In September 2015, the Navy issued a directive to install an OTH missile on Freedom and Coronado for their next deployments in early and mid-2016. The exact missile was not specified, but sources say it will be both the Harpoon and NSM, each ship equipped with only one model of missile. The directive calls for up to eight missiles, likely in two quad packs, to be installed on box launchers as a standalone system without requiring full integration into the LCS combat system. On 19 July 2016, Coronado conducted a live-fire missile test of a Block 1C Harpoon missile; although the missile missed the target, the test validated the ability to launch Harpoon missiles from the forward deck of an LCS.
In May 2018, the Navy selected the NSM as the LCS' OTH missile.
The anti-submarine module had its focus changed from stationary to en-stride systems (while the ship is moving) that are useful in the open ocean as well as in coastal areas. One of the items to be added is a "torpedo detection capability" so that the ship can know when it is under attack. Thales has sold one CAPTAS 4 low-frequency active sonar to the U.S. Navy to be towed behind the LCS, with a potential order of 25 units. The USN will test a combination of this unit, derived from the Sonar 2087 on British Type 23 frigates, with the TB-37 multifunction towed array found on US warships. As of September 2013[update], deployment of the ASW module is planned for 2016, but the 2013 sequestration cuts could push this back to 2017.
The Thales 2087-towed sonar will give the LCS an ability to detect diesel-electric submarines while on the move, even better than destroyers and cruisers; because submarines can hide based on how sound is refracted through the temperature, salinity and pressure profile, the variable depth sonar can pierce that layer better than a hull-mounted sonar. The sonar is paired with a torpedo decoy under development. To destroy submarines, an MH-60S helicopter will deploy the Mark 54 Lightweight Torpedo. Submarine detection is achieved by using an active VDS and passive Multi-Function Towed Array (MFTA); the active sonar sends out an acoustic signal to analyze the return, while the passive sonar simply listens through the water for noise signatures.
A wargame held by the Naval War College demonstrated the possibility of using the LCS in open water operations to assist carrier battle groups and guided missile destroyers. The LCS was found to be more useful in open water operations than previously considered. The wargame found that an LCS operating the ASW package could perform the mission, which freed up a destroyer that would normally perform the mission to contribute to the lethality of the strike group. Submarine hunting ability is increased by the combination of a destroyer's towed array and hull-mounted sonar and an LCS' variable depth sonar.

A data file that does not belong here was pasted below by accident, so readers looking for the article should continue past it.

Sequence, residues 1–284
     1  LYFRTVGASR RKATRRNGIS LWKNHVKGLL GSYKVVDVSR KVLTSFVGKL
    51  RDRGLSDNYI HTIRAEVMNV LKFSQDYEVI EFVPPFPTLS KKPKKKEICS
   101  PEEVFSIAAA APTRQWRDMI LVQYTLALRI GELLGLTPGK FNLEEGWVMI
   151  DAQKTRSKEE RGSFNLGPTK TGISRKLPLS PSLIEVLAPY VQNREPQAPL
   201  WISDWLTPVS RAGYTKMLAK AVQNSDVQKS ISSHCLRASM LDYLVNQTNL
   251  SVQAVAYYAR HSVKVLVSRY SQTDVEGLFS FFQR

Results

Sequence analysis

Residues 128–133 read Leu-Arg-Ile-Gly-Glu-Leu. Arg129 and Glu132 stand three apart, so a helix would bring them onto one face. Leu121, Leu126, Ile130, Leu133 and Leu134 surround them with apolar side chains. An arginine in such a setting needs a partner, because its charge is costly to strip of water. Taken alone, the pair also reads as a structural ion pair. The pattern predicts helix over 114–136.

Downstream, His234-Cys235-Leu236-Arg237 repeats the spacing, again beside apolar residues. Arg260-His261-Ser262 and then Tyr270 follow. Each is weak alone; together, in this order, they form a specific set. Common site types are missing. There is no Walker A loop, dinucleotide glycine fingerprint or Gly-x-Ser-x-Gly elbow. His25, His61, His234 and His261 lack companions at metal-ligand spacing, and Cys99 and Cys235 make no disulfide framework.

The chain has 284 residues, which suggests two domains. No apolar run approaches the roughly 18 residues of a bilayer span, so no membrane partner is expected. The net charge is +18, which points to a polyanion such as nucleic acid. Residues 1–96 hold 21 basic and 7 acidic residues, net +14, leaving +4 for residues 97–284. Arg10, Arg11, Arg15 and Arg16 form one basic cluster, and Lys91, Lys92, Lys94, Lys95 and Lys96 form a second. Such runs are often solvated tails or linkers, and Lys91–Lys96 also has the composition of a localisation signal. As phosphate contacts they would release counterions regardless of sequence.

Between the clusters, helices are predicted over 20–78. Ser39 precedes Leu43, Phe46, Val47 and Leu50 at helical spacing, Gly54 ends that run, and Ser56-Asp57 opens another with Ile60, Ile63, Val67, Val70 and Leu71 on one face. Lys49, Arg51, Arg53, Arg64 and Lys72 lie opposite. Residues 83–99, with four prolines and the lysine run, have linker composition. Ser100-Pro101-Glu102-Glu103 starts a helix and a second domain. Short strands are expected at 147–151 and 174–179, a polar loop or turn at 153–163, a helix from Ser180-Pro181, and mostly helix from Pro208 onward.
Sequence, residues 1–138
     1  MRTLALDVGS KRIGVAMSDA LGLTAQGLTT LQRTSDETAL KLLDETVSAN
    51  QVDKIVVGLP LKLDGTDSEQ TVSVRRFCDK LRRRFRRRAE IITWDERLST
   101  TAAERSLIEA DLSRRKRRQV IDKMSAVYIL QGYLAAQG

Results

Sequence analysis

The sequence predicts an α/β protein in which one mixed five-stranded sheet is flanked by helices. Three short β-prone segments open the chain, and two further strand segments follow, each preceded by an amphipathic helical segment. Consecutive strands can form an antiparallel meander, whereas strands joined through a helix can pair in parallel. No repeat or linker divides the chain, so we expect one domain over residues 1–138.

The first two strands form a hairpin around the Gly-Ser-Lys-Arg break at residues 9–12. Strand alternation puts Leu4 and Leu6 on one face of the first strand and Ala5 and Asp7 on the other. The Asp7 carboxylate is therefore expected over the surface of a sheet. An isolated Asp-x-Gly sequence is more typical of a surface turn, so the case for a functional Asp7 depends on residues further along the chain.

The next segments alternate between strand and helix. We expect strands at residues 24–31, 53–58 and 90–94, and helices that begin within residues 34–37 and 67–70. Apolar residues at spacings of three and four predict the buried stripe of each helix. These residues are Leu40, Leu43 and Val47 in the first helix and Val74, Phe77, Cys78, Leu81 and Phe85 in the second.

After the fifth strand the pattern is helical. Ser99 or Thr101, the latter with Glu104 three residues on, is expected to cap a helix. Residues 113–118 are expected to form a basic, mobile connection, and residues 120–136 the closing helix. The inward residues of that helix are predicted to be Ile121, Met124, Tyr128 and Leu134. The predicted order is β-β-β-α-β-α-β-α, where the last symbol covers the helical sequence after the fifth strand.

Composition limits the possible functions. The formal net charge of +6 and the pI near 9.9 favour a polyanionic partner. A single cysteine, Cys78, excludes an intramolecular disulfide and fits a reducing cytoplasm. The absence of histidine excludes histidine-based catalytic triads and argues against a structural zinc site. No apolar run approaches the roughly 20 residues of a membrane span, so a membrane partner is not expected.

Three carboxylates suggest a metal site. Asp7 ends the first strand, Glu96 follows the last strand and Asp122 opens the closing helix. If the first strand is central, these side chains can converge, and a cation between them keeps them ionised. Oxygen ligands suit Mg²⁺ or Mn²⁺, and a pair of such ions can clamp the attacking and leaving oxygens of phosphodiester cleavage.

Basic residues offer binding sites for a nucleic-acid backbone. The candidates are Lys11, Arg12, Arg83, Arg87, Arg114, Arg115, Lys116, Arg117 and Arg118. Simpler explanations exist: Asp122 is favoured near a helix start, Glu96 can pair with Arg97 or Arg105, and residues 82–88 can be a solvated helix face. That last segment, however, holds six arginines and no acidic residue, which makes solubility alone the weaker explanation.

In July 2015, the Navy awarded three contracts to reduce the weight of the package elements down to or below 105 metric tons total to meet mission package weight requirements. Since both elements are mature and fielded (the VDS on Royal Navy Type 23 frigates and MFTA on Arleigh Burke and Zumwalt-class destroyers), the systems cannot be overhauled and other weight reduction ideas need to be implemented like lightening sensors and using composites in the handling system. Plans for the package shifted dramatically in 2011 when it was decided not to use the RMMV, used in the MCM package, in favor of an “in stride” capability. The ASW elements were chosen as cost-effective COTS sensors, so weight reduction needs by between 15-25 percent have been planned for since their selection for integration onto the LCS.
Mine countermeasures moduleEdit
The Mine Counter-Measure (MCM) module is designed to provide minesweeping, remotely detecting and bypassing mines, as well as minehunting, detecting and then disabling. It was envisioned to perform "influence" minehunting via acoustic and magnetic signatures rather than contact or mechanical minehunting. The MCM module includes the Airborne Laser Mine Detection system, the Airborne mine neutralization system, the AN/AQS-20A underwater towed sonar, the remote minehunting system, the Coastal Battlefield Reconnaissance and Analysis system, and the Knifefish, a Surface mine counter-measure unmanned undersea vehicle. Cancelled module features include the Organic Airborne and Surface Influence Sweep System, and the Rapid Airborne Mine Clearance System. The final increment IV MCM module will not have an EOD team or an in-stride capability to neutralize discovered mines; neutralization is preceded by post-detection mission analysis.